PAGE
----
Becoming a Photographic Author

Photography: cayusa

Moving from enthusiastic photographer to income-generating photographer is now easier than ever. The photography world has a wide selection of open entry points, from microstock sites to Flickr networking and from websites to art fairs.

But while the roads towards professional photography are broad, the room at the top is narrower than ever. Media companies are laying off photojournalists and increased competition is removing the shine – and the profits — from traditional stock sellers.

Of course, the rarity of being a leading photographer just makes the accomplishment even more impressive. It’s why print magazines like JPG can sell copies even though the Web has thousands of pages offering similar content, and it’s why companies like Blurb succeed even though any photographer can show off their works online.

There remains something special about seeing your photography published, in print and in your hands.

Most Books Fail

Part of that cachet comes from the fact that printed photography is carefully selected. Around 70 percent of books fail to generate a profit for the publisher, so editors choose their titles and authors only after a long review. They don’t just want to beat the statistics, they also want to make sure that the 30 percent of authors who do generate profits make up the losses on the rest.

But publication in JPG is marred by its democracy; being voted on by your peers is nice but it’s not as satisfying as being identified by an expert. And Blurb is just a low-risk version of self-publishing. You get to see your photos in book form but you don’t really get to call yourself a published photographer.
Seeing your name on a real photography book then – one produced by a traditional publisher who likes your idea and is prepared to take a risk on it – is still a powerful achievement for any photographer.

“To add a book to their offerings is impressive to say the least,” agrees Kate Neaverth, Sales, Marketing and Promotions Manager at Amherst Media, a publisher of photography books. “It speaks of and illustrates their talent and validates their vision.”

Interestingly, Amherst specializes in a particular kind of publication: instructional photography books. Rather than try to sell books based on the subject of the images or the name of the photographer, the company can market books to enthusiasts and professionals interested in sharpening their skills. The hundred or so titles on its backlist cover a range of technical topics including wedding photography, lighting, digital imaging, posing, business techniques and many more.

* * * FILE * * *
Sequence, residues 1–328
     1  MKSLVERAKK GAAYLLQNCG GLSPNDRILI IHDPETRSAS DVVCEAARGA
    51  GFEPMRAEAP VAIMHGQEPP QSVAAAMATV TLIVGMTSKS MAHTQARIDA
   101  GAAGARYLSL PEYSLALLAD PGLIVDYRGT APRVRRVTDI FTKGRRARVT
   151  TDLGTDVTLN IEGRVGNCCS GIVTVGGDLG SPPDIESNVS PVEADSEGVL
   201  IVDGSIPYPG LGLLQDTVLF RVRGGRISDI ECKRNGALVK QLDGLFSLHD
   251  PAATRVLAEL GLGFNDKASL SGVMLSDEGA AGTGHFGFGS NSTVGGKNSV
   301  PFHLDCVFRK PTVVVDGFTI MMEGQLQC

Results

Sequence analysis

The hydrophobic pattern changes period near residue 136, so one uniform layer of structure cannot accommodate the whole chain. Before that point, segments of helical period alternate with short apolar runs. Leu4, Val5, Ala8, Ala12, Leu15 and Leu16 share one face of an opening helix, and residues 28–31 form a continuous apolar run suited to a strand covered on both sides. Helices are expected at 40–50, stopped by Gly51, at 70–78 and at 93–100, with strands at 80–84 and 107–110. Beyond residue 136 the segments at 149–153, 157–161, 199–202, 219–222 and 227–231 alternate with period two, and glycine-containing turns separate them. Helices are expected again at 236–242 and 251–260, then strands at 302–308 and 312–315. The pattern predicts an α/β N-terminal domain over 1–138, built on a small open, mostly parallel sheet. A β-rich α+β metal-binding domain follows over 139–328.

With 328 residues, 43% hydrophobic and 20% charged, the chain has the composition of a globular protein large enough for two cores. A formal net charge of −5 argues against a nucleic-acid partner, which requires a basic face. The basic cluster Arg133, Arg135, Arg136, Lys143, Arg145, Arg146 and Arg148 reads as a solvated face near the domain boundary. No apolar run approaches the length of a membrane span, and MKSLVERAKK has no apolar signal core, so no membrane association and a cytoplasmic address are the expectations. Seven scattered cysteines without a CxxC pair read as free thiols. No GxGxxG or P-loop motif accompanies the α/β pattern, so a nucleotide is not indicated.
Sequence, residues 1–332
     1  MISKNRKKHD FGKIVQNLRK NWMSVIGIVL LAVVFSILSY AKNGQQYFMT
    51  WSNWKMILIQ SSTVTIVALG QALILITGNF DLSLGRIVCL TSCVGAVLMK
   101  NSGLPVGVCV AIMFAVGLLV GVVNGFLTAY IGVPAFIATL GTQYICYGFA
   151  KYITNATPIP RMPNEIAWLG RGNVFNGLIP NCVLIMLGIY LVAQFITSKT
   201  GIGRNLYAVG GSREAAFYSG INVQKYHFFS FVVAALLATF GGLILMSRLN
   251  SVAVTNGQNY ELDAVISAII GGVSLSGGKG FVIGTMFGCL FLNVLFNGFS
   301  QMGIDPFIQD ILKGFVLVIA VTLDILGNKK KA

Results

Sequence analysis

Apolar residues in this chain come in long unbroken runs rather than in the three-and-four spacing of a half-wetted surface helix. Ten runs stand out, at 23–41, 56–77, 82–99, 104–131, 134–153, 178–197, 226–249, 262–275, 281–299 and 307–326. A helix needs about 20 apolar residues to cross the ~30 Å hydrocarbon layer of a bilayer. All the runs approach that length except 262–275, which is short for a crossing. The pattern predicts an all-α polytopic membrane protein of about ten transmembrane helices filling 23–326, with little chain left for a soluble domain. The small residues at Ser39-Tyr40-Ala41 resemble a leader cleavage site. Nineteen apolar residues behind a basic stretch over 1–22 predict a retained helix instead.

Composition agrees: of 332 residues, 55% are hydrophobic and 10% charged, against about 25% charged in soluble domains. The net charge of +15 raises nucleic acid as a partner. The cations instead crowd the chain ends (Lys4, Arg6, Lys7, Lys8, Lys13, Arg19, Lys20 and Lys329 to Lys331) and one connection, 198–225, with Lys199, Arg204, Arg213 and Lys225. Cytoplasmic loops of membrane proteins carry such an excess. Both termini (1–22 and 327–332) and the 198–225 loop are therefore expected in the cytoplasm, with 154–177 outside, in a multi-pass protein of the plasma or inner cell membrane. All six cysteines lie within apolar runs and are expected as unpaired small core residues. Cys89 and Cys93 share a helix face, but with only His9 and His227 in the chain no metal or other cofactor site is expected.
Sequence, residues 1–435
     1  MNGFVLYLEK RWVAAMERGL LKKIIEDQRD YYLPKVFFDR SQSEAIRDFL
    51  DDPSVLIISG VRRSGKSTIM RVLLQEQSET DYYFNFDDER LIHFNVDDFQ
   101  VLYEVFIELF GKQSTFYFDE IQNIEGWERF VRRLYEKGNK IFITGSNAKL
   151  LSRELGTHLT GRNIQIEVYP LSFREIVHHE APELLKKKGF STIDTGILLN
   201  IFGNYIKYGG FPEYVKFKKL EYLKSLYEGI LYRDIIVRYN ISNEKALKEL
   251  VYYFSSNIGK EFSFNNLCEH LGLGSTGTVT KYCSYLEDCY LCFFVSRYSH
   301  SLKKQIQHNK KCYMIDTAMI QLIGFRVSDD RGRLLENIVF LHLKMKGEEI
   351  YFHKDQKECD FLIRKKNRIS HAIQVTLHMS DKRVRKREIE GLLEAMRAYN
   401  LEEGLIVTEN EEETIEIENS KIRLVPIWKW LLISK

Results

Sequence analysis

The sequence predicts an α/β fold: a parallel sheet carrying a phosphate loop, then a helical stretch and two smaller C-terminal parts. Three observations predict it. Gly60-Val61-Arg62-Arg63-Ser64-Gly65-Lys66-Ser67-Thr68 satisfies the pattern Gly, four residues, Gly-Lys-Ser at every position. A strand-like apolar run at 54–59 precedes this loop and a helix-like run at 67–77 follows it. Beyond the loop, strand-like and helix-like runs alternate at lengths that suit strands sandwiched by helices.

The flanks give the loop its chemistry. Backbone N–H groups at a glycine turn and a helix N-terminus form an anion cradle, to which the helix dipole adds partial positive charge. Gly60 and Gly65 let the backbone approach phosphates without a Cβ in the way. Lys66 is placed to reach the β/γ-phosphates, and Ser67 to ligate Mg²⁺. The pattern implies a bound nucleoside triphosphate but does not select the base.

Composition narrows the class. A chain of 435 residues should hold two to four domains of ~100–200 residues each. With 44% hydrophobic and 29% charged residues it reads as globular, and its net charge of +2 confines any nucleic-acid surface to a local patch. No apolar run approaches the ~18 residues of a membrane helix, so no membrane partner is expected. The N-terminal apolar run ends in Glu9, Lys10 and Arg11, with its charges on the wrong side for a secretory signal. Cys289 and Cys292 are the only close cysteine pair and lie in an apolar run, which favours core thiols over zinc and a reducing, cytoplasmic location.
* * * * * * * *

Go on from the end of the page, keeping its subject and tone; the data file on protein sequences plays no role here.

While an educational book might not be quite as impressive as a catalog of your greatest shots, as Kate points out, it’s still an accomplishment and it helps any photographer stand out as an expert in their field. After all, if someone else knows more about wedding photography or macrophotography than they do, surely it would be their picture on the cover and their advice in the text. Or at least that’s the way it would seem to the public.

If your Book Doesn’t Sell, Charge More

Even if you didn’t make any more money out of the book than you would have made taking pictures then, the fact that you’re a published author would, at the very least, allow you to raise your fees.

But many of these benefits can also come from a good website. David Hobby, for example, is regarded as a lighting expert due his blog, Strobist,  not because he’s an author. And much of the information you can find in the sort of print publication that Amherst produces can also be dug out online for nothing.

For Kate, that just means there’s more competition and her company has to do the job even better.

“While some might think it hurts our business model having so much information available, we see it as an opportunity to better ourselves and our product and step it up a notch,” she says.

So what does it take to turn your ideas into a book fit to join the list of a publisher like Amherst?

It helps to be at least a little established already. Authors are a mixture of award-winning professional photographers, teachers and photography columnists, but also “digital artists,” a category that could be broad enough to include anyone with the appropriate experience and a good idea. If you have both of those and a clear understanding of what you want your book to teach, you’re welcome to send your proposal to Amherst by email, phone or fax.

The company will then be able to tell you if it’s a good fit, and you might have found a way in to one of the most exclusive of photography ranks: the right to call yourself a genuine published photographer.

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